A simple British workbench

When we build a modern workbench for our workshops, however large or small they are, we likely all pour over the myriad of books by Christopher Schwarz, and spend copious amounts of time thinking about what wood to use. Should it be all maple? Should I use a leg vise, or a vintage Record? Should it be perfect? The reality is that perfection seems to be a modern affliction. A workbench was always a utilitarian structure, something upon which to work, with tools. Indeed furniture itself was never as precise or aesthetically pleasing as it has been in the past century. Below is a simple workbench from the June 21, 1895 issue of English Mechanic and World of Science (No. 1578, pp.386-387). There are two other benches described before this one, a “work-bench for amateur joiner“, and a joiners bench (a mixture of European and English style benches), but this is the most relevant. Interestingly, this bench was the Third prize in what seems to have been a regular competition for readers.

English workbench late 19th century

Here is the description of the bench (with comments in blue), designed by W.T. Graham of Hackney Wick, London.

The bench which I will now describe should be made of yellow deal, with the exception of the working parts-viz., the lug with the leg screwed to it; the bench screw and its various parts; the bench-stop and also the various pins about the bench. Theses should be made of hardwood; either beech, oak or birch will do.

The term”deal” is used in traditional British woodworking, to describe softwood from various conifers. Red deal is Scots pine, whereas yellow deal is typically white fir/spruce fir. The term lug used here seems to relate to the leg vise, instead of a more traditional bench lug. Unlike many modern benches, which are predominantly made of hardwood, this uses a combination of both softwoods and hardwoods. Three of the legs are softwood, with only the leg supporting the leg vise being hardwood.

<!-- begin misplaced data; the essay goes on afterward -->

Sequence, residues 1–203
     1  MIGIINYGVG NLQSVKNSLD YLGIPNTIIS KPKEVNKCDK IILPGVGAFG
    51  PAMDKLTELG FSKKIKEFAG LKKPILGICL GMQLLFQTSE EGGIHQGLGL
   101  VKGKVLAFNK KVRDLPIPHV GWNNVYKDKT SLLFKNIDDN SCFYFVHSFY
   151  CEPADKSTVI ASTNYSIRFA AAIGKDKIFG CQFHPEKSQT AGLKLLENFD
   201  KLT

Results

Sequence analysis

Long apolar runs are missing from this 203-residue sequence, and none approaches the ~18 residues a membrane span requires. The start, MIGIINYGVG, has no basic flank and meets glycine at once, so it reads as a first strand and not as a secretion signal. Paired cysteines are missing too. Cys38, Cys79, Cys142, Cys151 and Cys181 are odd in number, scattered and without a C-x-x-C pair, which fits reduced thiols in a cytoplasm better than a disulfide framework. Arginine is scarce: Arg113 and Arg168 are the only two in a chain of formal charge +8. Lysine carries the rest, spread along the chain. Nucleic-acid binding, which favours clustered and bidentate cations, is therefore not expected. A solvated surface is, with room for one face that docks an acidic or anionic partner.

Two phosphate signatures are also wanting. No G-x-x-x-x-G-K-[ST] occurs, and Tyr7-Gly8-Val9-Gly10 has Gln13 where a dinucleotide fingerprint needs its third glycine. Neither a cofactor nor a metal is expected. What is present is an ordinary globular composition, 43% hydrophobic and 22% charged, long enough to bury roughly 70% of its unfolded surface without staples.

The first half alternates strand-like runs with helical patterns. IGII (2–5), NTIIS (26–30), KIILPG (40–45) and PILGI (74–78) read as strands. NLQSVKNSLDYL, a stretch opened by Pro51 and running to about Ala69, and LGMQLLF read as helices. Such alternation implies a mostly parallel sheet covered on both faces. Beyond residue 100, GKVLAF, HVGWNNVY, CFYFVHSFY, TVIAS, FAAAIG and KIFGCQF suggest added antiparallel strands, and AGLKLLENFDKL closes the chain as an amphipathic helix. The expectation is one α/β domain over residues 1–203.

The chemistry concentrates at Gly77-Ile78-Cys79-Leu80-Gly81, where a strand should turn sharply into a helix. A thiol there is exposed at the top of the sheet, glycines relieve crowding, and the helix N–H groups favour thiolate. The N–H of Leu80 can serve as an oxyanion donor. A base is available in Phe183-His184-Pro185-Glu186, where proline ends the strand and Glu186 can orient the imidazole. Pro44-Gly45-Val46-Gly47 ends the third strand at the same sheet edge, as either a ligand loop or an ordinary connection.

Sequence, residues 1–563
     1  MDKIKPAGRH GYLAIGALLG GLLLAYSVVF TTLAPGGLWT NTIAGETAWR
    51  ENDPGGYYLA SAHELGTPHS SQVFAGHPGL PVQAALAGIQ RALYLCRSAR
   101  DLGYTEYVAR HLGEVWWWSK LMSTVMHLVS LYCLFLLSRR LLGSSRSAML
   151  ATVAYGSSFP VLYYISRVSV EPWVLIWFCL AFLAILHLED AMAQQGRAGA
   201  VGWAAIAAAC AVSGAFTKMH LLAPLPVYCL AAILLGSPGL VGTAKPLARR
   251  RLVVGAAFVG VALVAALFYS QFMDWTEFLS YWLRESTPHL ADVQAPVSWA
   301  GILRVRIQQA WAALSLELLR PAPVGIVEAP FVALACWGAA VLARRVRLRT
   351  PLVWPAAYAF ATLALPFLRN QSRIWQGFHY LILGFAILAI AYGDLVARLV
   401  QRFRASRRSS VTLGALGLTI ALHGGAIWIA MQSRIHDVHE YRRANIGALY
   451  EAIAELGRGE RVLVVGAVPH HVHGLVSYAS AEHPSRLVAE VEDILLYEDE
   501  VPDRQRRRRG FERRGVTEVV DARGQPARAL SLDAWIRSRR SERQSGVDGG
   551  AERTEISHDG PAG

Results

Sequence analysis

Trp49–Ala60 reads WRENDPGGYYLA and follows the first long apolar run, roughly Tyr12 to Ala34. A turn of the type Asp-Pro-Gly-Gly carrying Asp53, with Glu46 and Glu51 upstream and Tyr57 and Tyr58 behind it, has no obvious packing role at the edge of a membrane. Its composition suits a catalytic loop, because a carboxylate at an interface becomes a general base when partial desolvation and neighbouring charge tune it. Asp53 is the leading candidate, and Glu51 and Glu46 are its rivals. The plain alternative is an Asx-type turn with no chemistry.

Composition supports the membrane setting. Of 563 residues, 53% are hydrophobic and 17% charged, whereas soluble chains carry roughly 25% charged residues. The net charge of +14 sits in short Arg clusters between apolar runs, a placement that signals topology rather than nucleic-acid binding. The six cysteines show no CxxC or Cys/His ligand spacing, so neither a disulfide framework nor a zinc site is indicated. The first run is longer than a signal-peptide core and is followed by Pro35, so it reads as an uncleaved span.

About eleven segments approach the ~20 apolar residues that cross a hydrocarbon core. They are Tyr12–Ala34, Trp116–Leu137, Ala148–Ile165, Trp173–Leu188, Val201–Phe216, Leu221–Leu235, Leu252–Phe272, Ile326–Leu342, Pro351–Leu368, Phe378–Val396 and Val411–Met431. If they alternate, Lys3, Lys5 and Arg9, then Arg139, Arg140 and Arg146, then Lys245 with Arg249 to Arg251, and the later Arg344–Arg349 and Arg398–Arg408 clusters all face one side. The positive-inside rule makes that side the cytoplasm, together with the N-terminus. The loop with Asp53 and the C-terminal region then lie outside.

I give a list of the sizes of the stuff :- The top 6ft. by 1ft.9in. by 2in., clamped and tenoned at each end. Three legs 2ft.8in. by 4in. by 2in.; the third leg and also the lug 2ft.8in. by 8in. by 2in., both tapering down from 1ft. from the top, and the lug 7½” shorter than the leg. This leg to be secured to the top by two 3/8in. bolts and the bench screw-block to be secured to the leg by two more. Four cross-rails, 3in. by 2in., to be provided, two on each end, to be dovetailed and screwed to the legs top and bottom.

What is interesting here, apart from the fact that the leg associated with the leg vise is hardwood, is the fact that it has the same basic tapered shape as the leg vise. The top seems as though it is one solid piece that has been prevented from movement through the use of breadboard ends.

Some difficulty may be had with the top rail where it joins the hardwood leg. This should be a tenon joint, and the top rail checked out where it comes against the bench-screw block.

Two side rails, same size, are also used to join the ends firmly together. These to be tenoned into the legs. Also two pieces of stuff to be used in the front – same dimensions – and tenoned into the top and rail. These also have rails between them : sizes 2in. by 2in., leaving spaces between A and B. A is a space to put small pieces of board endwise to hold them while being sawn. B is a drawer running on guides screwed to the top. I have left out a handle to the drawer, and have shown the top of the drawer cut away to receive the hand. This is much the best way, there being no handle to catch in the worker’s clothes.

In this bench I have put two braces, 3in. by 2in. each, which greatly strengthens it. To the learner these are awkward joints but the braces can be left out, and the two pieces of stuff, F and G, go right down to the rails, if the worker does not feel equal to it.

There didn’t seem to be any hesitation to use braces, on any of these benches. This may have been derived from the fact that the leg material was only 2in. thick.

A job which takes some care is the sword C. This should be a straight-grained hardwood, tenoned into the lug, going right through the leg, and secured by the pin inserted through D. Another similar convenience is the side-screw, E. This is made of beech, a screw running through one and butting against the other. The screw is made with a screw-box; but as this is a tool seldom used by carpenters, amateur or otherwise, I recommend you to buy a pair of hand-screws, price about 8d.; saw of what you want, and tenon them, in their places. The bench should have 1in. boarding nailed on the rails, 9in. from the ground. This space is very convenient for some of the larger tools, hand-screws, etc. A bench-stop made of beech, 2in. by 2in., is the cheapest, and in some cases the best. Four angle-irons, 4in. by 1in. by ¼in., should be used to secure the bench to the floor.

I guess the use of the term “sword” its appropriate because it’s almost like the piece is stabbing the bench. We know it better as the parallel device, or maybe “runner”. It isn’t quite apparent as to the nature of the side-screw, although it appears to be used to manipulate the board being held by the leg vise.

In conclusion, I may say that this will be a very strong and serviceable bench, not quite so large as the ordinary carpenter’s bench, and therefore more suited to the amateurs’s very often limited room.

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